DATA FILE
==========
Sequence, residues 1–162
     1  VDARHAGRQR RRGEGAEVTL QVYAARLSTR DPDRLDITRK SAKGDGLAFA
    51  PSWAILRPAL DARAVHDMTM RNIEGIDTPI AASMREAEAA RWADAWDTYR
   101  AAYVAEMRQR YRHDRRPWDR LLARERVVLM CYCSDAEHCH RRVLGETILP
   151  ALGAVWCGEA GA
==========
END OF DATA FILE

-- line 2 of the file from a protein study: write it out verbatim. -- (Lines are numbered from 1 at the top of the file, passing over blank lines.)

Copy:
     1  VDARHAGRQR RRGEGAEVTL QVYAARLSTR DPDRLDITRK SAKGDGLAFA